The Forza is the only shoe of the three with a dual density midsole of 5 GEN Resalyte, and it is brilliantly executed with a smooth, barely noticeable transition from softer laterally to firmer medially for that support.   I didn't care for the Strada where the stability was largely through a thick firm outsole material at mid foot. The shoe flexes very easily upfront but the flex stops where the firmer material starts on the medial side, so not a long flex, but the flex extends a bit further back on the lateral side where the midsole is softer. The black zig zag material in the photo above is the firmer Reslalyte and it extends towards the middle of the shoe generally under the yellow outsole in the picture below from what I can see.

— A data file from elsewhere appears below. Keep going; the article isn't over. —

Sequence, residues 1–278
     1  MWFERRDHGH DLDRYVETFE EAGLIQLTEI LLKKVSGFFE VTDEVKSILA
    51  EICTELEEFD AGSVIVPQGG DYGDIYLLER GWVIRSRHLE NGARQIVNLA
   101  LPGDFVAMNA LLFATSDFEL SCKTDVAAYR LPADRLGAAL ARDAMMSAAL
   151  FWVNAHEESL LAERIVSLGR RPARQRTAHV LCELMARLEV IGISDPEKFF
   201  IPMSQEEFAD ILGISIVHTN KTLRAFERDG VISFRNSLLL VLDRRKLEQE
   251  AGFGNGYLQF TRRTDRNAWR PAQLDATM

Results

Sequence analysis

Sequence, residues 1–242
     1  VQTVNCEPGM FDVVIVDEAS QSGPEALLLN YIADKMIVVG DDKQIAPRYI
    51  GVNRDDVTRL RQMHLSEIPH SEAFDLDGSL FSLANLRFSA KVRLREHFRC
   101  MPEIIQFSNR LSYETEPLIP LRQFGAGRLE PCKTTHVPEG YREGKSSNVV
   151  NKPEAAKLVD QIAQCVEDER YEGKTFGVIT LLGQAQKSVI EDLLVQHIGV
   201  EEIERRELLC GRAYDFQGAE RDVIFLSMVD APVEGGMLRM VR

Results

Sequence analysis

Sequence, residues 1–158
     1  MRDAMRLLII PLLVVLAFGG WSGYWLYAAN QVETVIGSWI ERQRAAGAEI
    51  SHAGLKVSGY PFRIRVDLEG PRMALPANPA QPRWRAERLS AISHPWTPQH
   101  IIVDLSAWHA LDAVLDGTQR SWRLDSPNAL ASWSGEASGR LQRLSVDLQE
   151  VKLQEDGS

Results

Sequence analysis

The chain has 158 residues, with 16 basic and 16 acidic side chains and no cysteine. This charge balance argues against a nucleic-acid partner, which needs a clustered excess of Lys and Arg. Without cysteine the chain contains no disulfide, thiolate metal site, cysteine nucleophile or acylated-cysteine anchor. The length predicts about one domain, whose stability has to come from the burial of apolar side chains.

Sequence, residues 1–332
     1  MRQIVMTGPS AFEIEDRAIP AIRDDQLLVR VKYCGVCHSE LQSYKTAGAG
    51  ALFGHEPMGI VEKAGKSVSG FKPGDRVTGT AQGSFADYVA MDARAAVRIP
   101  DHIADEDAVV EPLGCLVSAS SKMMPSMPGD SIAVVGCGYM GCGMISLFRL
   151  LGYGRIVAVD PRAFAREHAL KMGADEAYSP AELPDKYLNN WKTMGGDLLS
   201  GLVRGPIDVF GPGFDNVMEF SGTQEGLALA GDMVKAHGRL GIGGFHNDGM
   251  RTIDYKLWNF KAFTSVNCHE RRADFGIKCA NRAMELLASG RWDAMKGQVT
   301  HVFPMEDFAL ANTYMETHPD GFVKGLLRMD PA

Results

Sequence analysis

It doesn't feel like much more under the arch than the usual Skechers M-Strike and quite frankly it is less noticeable than say the Ultra Road where the foot rolled off a soft heel and then bumped into the M-Strike for me. I believe the smooth transition is due to the fact the firmness of both materials is fairly close and the outsole at mid foot while significant in coverage is not to firm. The heel feel is particularly good. Firm and stable with very nice rebound, far better for me than the Ultra Road. Reminds me of... a slightly firmer Hoka Huaka heel, one of my favorite shoes of the last few years.

Midsole Upper Interface